Political Ecology with Laura Ogden
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Political Ecology with Laura Ogden


– In the beginning when I first started working in the Everglades, I started with this kind
of traditional question in environmental anthropology
which was how are places that feel like nature also
places of history and culture. And a lot of anthropologists
and geographers and others have written about wilderness in this way and that’s how I started. I was very interested
in kind of uncovering this hidden history of nature. And in particular a kind
of hidden history of nature that’s associated with poor rural people. As I studied the
Everglades more over time, I became interested in a
question that’s more associated with political ecology
and that was not just what’s the hidden history of nature, but why does certain kinds
of histories get hidden. And so I became interested in
a more of a political question about how do we forget the
lives of rural poor people and how do we forget those
histories and stories as they’re associated with
places that are nature. And so that’s how my work progressed from kind of an environmental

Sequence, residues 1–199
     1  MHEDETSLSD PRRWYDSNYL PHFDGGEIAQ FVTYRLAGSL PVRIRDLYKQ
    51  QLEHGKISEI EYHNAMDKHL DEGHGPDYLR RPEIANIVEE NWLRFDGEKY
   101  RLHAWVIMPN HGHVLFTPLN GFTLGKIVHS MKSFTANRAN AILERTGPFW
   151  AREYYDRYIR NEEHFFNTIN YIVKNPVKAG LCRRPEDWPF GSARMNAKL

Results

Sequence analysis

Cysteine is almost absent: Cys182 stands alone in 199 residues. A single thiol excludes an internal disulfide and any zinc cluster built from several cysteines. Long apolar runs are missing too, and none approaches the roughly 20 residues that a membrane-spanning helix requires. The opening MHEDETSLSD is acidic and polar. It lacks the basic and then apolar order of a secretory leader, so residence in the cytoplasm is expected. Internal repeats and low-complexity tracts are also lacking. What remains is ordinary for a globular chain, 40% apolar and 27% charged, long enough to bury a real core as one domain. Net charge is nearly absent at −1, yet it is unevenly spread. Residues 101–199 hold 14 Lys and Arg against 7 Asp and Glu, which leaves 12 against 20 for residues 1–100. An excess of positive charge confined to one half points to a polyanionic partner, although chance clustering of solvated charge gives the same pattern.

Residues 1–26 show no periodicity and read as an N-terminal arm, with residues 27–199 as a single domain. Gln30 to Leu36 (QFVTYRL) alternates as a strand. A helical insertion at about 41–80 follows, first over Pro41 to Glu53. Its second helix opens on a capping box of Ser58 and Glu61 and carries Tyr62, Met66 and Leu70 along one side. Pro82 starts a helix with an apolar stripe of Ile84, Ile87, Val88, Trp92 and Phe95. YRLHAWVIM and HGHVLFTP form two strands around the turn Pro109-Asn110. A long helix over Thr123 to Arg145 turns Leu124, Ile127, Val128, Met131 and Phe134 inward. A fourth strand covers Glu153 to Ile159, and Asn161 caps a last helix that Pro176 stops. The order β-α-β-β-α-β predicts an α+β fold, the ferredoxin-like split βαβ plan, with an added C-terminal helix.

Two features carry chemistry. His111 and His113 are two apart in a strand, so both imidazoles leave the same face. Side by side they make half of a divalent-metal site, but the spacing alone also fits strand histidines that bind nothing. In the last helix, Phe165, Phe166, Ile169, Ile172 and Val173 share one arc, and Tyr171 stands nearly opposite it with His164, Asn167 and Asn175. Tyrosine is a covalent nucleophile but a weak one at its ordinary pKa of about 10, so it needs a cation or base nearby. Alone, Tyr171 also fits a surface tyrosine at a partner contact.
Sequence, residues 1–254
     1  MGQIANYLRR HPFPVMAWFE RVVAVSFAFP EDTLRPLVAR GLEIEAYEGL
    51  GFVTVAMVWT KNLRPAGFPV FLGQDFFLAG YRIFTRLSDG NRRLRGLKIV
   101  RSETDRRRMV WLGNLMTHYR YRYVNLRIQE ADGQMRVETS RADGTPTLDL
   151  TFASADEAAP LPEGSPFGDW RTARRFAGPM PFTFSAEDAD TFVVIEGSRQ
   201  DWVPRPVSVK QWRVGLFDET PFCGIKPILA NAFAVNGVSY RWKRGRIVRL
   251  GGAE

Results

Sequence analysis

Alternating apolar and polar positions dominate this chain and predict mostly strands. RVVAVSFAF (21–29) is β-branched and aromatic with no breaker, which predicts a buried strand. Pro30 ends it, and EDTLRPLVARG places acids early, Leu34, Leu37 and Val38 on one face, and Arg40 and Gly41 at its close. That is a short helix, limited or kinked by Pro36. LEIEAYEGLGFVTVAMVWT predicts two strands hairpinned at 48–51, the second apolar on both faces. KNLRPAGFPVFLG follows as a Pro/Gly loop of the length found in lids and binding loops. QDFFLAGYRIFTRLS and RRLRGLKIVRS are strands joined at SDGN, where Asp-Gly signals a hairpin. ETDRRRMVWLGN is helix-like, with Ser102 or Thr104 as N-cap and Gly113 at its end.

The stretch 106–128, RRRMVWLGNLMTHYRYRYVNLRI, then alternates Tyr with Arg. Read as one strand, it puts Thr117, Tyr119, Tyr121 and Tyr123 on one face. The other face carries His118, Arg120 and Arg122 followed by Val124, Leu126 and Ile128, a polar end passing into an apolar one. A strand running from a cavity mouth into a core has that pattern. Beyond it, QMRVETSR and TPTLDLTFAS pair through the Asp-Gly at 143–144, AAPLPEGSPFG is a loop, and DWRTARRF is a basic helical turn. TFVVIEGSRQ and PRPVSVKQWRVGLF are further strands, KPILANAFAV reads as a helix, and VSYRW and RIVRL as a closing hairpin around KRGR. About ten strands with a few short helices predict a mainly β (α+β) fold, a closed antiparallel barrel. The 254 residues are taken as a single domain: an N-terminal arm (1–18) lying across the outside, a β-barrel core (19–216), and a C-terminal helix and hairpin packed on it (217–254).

anthropology question to a more political ecology question. Throughout the course of my research first in the Everglades and
now in southern Patagonia, I’ve been interested in how
the environment shapes lives, but what I’ve learned
through this research is less about the environment perhaps and more about what it means to be human. In the Everglades,
hunters in the Everglades, the thing I learned was that
to be an Everglades hunter is contingent upon living in relation with alligators, with
mangroves, with water. And in my work in Patagonia
I’m also interested in trying to rethink
kind of classic questions in conservation by taking
a relational approach. So for instance in
Patagonia one of the big environmental problems
there are introduced species like they are everywhere. And so there I’m trying to think about introduced species in new ways, not just as outsiders
who’ve been brought in, but to try to think about well what kinds of relations are occurring there, how do they change and how do we bring a new kind of ethical
standpoint to thinking about living and dying in times
of ecological crisis.

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